Scott Moore’s scores are always enjoyable, but this year’s compositions are especially arresting.
We’re treated to the fiddle playing of his that we’ve come to know, and it’s joined by a host of other elements, all played, recorded, and mixed by Moore. Some highlights are the stacoatto screeches scraped from a tortured stringed instrument and the syncopated rhythms which foreshadowed and sometimes accompanied the step dancers.
My personal favorite is the electric guitar, balanced on the gladius’ edge between serious composition and epic 80’s fantasy film soundtrack. It soars like Steve Vai or Slash without ever falling into a goofy glam metal sound. Moore is taking a seemingly unreasonable number of disparate elements and melding them into a whole that engages the listener aurally, while supporting character development and plot with his use of motif in melody, and repetition in stylistic shifts.
The person sitting next to me mused aloud that the ballet ought to be selling copies of the sound track. Maybe Moore can throw it up on Soundcloud for us?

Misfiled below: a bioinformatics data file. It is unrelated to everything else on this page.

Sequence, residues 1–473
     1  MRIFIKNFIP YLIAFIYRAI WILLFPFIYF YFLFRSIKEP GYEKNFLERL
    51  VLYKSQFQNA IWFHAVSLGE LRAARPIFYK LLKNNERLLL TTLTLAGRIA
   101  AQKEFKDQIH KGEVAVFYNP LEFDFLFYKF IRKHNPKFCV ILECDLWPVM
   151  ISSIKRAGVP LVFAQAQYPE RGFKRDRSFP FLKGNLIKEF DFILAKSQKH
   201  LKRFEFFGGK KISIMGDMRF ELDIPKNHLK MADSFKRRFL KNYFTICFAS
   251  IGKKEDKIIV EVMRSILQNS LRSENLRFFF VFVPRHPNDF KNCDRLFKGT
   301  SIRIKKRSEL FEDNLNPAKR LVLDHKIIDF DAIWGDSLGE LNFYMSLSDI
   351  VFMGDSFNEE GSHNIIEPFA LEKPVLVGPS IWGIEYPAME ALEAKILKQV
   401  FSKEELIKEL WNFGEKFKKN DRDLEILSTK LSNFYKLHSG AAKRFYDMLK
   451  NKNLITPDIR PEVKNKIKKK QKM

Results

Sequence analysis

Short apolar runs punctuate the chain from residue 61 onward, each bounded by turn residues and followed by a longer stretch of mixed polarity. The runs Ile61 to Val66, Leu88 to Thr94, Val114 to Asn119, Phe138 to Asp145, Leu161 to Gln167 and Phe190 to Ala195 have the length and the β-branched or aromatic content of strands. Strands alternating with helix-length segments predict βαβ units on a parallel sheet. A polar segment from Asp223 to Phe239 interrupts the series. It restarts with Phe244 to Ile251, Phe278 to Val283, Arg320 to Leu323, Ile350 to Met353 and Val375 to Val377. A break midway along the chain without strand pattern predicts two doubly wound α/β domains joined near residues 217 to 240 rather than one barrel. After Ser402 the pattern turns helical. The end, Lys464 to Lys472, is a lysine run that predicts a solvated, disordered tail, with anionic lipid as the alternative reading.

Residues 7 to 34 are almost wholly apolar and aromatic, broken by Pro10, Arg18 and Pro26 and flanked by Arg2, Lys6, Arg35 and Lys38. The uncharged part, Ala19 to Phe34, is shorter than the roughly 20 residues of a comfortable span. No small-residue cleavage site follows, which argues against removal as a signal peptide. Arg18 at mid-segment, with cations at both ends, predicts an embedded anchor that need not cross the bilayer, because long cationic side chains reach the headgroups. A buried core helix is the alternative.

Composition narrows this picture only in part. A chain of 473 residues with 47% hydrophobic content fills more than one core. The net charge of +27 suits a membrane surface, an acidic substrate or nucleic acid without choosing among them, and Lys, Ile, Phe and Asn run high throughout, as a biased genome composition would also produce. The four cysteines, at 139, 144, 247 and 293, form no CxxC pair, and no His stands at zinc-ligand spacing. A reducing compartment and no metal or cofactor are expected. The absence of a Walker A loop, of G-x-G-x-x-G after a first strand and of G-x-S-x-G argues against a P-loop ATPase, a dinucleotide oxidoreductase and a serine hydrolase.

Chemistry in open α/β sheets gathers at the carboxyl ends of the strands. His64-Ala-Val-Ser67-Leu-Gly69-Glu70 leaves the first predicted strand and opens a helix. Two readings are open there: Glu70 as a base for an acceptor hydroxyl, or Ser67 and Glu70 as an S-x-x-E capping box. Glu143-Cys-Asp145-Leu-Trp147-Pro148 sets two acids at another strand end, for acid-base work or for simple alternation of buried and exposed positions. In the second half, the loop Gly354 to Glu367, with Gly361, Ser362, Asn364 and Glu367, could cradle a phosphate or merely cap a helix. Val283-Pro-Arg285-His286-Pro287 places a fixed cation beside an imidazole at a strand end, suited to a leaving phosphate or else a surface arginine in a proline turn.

“Cleopatra: Queen of Kings” is an exciting step in a new direction, charting a journey that is in conversation with Shakespeare’s work, without being chained to the past.
Its missed moments of connection leave me wanting more, not less, and I find myself wondering what the future holds for these summertime creations. I hope that they are given more room and resources to develop, rather than being offered once as a curious companion to Kentucky Shakespeare, before being laid to rest in a crypt, and resigned to history.
“Cleopatra: Queen of Kings” performs nightly at 8 p.m. through Aug. 4 at the C. Douglas Ramey Amphitheater in Central Park, 1340 S. Fourth St. The free production runs approximately 90 minutes with one intermission. Pre-show entertainment is hosted by Louisville Ballet’s Community Engagement department and will include performances by the Louisville Ballet School students and pre-show talks with the artistic team.